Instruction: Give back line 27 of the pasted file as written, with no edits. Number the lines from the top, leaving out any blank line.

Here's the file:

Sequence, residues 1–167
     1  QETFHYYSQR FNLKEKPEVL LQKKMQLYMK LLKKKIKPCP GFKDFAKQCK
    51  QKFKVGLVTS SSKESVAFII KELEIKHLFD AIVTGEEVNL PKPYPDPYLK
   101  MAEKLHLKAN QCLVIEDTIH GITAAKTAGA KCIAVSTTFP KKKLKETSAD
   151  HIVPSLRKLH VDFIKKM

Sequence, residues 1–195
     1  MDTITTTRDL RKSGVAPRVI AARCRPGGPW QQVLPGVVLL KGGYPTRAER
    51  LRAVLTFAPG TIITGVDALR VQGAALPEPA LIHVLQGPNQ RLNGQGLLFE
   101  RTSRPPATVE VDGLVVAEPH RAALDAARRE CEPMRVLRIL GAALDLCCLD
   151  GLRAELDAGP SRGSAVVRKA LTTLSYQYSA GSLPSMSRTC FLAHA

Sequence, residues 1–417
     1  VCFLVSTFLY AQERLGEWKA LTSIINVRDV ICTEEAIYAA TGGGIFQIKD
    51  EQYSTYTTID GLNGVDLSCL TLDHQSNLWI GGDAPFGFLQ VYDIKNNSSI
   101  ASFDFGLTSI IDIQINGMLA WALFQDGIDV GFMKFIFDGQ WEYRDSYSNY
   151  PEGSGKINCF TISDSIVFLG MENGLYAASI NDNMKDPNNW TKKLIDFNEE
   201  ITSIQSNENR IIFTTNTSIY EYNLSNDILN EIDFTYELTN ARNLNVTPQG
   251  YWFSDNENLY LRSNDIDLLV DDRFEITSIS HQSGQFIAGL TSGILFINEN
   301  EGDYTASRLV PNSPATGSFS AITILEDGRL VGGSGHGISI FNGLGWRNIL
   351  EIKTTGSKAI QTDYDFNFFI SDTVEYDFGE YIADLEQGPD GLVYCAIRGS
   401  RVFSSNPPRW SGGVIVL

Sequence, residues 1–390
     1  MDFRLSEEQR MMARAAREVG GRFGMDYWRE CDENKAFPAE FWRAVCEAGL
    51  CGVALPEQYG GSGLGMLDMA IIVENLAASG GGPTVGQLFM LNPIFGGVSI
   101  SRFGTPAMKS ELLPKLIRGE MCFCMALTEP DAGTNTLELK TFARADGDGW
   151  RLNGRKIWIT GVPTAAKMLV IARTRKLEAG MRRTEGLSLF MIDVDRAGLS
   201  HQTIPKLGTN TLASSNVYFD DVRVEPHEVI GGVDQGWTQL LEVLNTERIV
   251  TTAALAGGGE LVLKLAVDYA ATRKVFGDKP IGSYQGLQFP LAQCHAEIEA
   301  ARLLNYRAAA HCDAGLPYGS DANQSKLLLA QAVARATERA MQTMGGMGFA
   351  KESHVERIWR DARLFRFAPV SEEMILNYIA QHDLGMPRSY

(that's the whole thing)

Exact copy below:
   251  TTAALAGGGE LVLKLAVDYA ATRKVFGDKP IGSYQGLQFP LAQCHAEIEA